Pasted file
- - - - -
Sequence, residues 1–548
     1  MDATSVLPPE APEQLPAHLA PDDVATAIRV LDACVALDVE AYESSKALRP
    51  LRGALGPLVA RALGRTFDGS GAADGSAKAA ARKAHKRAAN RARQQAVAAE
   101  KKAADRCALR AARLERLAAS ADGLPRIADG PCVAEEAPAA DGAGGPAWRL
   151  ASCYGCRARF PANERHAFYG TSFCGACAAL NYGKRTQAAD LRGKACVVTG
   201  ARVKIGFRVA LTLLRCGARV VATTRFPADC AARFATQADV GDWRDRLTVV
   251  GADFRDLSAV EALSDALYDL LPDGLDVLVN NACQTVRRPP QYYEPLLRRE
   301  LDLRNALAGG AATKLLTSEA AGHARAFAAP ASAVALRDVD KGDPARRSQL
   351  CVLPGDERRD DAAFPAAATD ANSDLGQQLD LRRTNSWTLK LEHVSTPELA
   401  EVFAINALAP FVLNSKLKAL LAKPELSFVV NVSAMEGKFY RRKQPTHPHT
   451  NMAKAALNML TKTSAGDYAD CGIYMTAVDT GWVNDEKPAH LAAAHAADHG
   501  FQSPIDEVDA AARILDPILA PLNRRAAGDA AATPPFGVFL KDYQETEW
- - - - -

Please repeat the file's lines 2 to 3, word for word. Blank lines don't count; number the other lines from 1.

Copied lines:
     1  MDATSVLPPE APEQLPAHLA PDDVATAIRV LDACVALDVE AYESSKALRP
    51  LRGALGPLVA RALGRTFDGS GAADGSAKAA ARKAHKRAAN RARQQAVAAE